DVIDS – News – Engineers tackle army combat aptitude test in Alaska
Soldiers from the US Army Corps of Engineers – Alaska District teamed up with the 6th Brigade Engineer Battalion to assess their strength and endurance during the Army Combat Readiness Test on August 17 at Joint Base Elmendorf-Richardson, Alaska.
“It was a team effort to fulfill this requirement and it’s always great to have the opportunity to work alongside our fellow engineer soldiers,” said Col. Damon Delarosa, district commander of the Alaska.
Eleven of the Oscar agency’s officers and NCOs participated in ACFT 3.0 as part of the data collection period of the test. However, unlike their battalion-level counterparts whose mission is focused on combat operations, district soldiers provide public engineering services in peacetime and wartime to strengthen national security, boost the economy and reduce disaster risk. The efforts of this predominantly civilian organization translate into the completion of military construction projects and vital civilian works within the state.
“Working in the district offers our soldiers an opportunity to broaden their military careers, resulting in a leader who can operate in multiple environments,” said Major Virginia Brickner, deputy district commander.
Due to the small number of military personnel in the district split between Anchorage and Fairbanks, soldiers do not participate in organized group physical training activities. Instead, they need to exercise and prepare on their own. It was their first attempt at the new test, which focuses on a better connection between fitness and combat readiness.
“This one doesn’t count towards the record,” said Brickner. “However, it gives us all a baseline for where we are and how we can do better when it matters.”
Based on a better understanding of the science of exercise and physical training, the military has moved from the 40-year-old army fitness test to the army combat fitness test. in October 2019. The new rating system consists of six events that measure a soldier’s performance in high-intensity, interval-based activities.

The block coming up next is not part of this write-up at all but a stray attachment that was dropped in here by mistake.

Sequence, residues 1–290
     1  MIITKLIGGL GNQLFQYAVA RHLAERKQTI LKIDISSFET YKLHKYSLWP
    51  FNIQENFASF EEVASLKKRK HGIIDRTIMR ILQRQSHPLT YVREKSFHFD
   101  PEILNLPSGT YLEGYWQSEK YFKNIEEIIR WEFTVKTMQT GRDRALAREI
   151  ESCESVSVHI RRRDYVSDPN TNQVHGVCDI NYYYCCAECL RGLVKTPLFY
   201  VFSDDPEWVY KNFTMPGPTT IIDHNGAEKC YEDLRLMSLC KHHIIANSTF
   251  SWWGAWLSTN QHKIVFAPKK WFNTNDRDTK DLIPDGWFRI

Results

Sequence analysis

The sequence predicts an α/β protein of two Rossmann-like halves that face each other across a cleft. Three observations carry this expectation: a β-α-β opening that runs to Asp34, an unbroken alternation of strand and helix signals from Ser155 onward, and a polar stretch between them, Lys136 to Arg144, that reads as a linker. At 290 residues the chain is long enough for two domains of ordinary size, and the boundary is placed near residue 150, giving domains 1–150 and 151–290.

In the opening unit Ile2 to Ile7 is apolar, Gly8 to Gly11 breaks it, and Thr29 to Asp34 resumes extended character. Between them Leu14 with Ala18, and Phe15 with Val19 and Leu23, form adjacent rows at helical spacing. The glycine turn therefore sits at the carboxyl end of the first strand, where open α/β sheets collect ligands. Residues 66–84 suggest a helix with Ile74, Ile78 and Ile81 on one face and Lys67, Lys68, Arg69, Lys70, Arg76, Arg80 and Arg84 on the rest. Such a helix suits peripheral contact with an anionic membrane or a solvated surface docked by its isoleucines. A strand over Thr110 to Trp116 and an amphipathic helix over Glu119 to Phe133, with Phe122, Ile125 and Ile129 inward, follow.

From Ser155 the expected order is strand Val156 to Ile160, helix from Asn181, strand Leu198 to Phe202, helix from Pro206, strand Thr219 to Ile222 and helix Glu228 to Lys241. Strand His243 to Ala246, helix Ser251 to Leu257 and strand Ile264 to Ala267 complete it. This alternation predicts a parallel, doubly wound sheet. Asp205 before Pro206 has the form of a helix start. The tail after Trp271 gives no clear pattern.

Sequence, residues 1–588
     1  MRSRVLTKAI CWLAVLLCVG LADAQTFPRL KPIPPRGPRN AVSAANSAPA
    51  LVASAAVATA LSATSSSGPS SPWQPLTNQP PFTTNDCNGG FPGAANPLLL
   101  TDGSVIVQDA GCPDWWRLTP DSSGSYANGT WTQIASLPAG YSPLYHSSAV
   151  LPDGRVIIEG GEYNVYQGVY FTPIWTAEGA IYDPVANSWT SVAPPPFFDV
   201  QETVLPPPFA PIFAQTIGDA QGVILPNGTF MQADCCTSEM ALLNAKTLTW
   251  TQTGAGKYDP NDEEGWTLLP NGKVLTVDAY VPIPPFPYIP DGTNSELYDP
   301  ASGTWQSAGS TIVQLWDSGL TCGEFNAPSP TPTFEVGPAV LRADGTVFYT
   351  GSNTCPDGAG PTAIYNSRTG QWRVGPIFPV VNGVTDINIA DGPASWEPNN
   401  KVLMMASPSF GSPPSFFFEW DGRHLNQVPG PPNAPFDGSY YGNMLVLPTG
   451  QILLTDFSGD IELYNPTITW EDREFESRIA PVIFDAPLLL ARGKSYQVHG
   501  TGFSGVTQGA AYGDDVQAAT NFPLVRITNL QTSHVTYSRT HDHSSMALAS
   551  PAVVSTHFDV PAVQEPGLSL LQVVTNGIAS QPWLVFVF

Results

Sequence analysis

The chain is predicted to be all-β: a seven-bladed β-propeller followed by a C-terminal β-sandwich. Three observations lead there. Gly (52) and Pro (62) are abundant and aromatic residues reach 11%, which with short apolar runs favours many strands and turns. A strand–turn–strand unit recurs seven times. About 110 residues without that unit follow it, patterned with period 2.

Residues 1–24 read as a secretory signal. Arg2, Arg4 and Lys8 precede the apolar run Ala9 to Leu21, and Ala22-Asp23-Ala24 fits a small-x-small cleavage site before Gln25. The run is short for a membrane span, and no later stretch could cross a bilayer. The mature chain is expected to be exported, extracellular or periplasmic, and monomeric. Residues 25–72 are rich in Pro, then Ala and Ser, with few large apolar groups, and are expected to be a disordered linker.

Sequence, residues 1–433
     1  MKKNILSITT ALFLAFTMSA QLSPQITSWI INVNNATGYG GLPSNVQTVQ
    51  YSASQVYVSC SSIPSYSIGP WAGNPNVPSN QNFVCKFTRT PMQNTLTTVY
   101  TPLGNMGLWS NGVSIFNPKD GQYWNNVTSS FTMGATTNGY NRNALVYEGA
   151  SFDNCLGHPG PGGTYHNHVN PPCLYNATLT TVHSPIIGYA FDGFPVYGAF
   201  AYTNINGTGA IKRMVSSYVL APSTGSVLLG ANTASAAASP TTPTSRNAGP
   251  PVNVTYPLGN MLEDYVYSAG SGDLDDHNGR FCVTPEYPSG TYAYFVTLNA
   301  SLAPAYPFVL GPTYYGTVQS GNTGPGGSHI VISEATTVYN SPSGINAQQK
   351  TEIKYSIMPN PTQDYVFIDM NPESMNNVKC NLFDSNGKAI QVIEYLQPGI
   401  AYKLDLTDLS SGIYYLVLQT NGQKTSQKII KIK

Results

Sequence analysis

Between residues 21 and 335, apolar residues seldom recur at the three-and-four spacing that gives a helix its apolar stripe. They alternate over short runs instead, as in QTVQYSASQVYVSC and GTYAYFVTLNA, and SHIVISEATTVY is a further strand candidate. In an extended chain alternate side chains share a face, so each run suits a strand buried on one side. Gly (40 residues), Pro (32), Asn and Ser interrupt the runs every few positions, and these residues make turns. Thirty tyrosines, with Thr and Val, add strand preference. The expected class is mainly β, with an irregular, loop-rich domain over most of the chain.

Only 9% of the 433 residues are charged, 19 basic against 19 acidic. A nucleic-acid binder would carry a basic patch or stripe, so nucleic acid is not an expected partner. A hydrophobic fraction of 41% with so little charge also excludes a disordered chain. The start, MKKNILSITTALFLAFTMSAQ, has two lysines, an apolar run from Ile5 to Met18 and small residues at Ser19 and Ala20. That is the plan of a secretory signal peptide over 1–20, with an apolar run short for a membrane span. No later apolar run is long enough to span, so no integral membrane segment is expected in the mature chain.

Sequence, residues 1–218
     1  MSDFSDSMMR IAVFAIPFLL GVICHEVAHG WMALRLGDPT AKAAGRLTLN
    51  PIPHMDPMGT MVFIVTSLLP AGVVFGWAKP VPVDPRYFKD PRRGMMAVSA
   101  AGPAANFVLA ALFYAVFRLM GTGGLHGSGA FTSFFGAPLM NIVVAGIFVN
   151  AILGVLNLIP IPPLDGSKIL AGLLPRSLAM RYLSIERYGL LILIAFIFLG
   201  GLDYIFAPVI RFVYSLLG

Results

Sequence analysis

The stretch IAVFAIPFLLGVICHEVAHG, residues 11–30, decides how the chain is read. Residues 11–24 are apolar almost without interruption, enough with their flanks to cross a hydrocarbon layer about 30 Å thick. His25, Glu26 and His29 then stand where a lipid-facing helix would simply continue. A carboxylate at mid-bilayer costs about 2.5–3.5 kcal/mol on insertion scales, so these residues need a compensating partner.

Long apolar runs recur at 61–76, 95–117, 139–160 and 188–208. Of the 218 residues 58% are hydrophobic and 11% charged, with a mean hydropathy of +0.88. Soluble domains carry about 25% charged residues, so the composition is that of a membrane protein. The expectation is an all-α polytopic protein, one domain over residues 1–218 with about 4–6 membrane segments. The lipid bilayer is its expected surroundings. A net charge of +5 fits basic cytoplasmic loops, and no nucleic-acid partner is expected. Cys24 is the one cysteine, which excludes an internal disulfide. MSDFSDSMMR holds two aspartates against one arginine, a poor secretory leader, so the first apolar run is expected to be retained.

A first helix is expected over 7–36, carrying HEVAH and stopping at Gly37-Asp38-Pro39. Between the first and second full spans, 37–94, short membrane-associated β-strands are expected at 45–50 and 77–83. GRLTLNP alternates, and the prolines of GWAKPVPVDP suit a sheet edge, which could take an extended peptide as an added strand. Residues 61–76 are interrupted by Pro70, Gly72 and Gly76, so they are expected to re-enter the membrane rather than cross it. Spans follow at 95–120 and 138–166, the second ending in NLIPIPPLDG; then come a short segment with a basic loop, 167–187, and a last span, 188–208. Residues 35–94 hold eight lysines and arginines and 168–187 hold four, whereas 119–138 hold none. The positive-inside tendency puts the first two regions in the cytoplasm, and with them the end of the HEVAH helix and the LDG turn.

Right now, the military is monitoring test results, collecting data, and building on lessons learned. This information will be used to make changes before formally implementing the full program which is currently slated for 2022.
With the song “Eye of the Tiger” blaring over the speakers for added motivation at the start of the test, the soldiers determined their preferred deadlift weight between the maximum of 340 pounds and the minimum of 140 pounds.
“I chose to lift 160 pounds for this event, although I can lift more.” said Major Kathryn Hermon, project manager. “As this is my first time competing in all six events together, I didn’t want to overwork myself. My goal for today’s test is to make sure I can pass all six tests.
After everyone had passed the first event at their selected weight, the engineers switched to the standing power throw. In this activity, soldiers must throw a 10-pound medicine ball backwards at least 4 1/2 meters to test their explosive movements, balance and flexibility. From there, service members proceeded to the test station for the manual release pumps. In the event, soldiers are required to do between 10 and 60 repetitions in a two-minute window.